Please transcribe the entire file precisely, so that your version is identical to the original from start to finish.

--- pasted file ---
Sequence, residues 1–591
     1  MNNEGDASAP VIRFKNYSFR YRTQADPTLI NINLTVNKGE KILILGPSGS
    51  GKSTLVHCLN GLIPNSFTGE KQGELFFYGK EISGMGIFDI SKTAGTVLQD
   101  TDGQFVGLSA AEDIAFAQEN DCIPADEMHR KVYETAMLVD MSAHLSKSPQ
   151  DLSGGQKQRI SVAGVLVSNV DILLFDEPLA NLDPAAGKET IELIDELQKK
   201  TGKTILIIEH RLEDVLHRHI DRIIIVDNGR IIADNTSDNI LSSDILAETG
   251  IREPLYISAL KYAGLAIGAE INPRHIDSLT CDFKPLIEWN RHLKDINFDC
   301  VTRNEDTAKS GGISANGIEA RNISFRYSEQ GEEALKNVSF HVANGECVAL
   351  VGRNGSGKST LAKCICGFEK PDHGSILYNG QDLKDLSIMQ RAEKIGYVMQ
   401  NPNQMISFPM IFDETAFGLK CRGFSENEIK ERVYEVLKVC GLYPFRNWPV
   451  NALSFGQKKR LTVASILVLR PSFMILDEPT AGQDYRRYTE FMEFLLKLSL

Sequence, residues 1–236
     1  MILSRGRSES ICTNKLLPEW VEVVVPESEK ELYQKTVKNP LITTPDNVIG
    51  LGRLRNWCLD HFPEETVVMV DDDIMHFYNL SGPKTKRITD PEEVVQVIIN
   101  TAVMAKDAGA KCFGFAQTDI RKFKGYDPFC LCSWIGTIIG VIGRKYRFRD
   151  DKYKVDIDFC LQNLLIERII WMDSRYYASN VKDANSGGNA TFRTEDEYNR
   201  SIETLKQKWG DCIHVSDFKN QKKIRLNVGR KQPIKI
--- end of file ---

Sequence, residues 1–591
     1  MNNEGDASAP VIRFKNYSFR YRTQADPTLI NINLTVNKGE KILILGPSGS
    51  GKSTLVHCLN GLIPNSFTGE KQGELFFYGK EISGMGIFDI SKTAGTVLQD
   101  TDGQFVGLSA AEDIAFAQEN DCIPADEMHR KVYETAMLVD MSAHLSKSPQ
   151  DLSGGQKQRI SVAGVLVSNV DILLFDEPLA NLDPAAGKET IELIDELQKK
   201  TGKTILIIEH RLEDVLHRHI DRIIIVDNGR IIADNTSDNI LSSDILAETG
   251  IREPLYISAL KYAGLAIGAE INPRHIDSLT CDFKPLIEWN RHLKDINFDC
   301  VTRNEDTAKS GGISANGIEA RNISFRYSEQ GEEALKNVSF HVANGECVAL
   351  VGRNGSGKST LAKCICGFEK PDHGSILYNG QDLKDLSIMQ RAEKIGYVMQ
   401  NPNQMISFPM IFDETAFGLK CRGFSENEIK ERVYEVLKVC GLYPFRNWPV
   451  NALSFGQKKR LTVASILVLR PSFMILDEPT AGQDYRRYTE FMEFLLKLSL

Sequence, residues 1–236
     1  MILSRGRSES ICTNKLLPEW VEVVVPESEK ELYQKTVKNP LITTPDNVIG
    51  LGRLRNWCLD HFPEETVVMV DDDIMHFYNL SGPKTKRITD PEEVVQVIIN
   101  TAVMAKDAGA KCFGFAQTDI RKFKGYDPFC LCSWIGTIIG VIGRKYRFRD
   151  DKYKVDIDFC LQNLLIERII WMDSRYYASN VKDANSGGNA TFRTEDEYNR
   201  SIETLKQKWG DCIHVSDFKN QKKIRLNVGR KQPIKI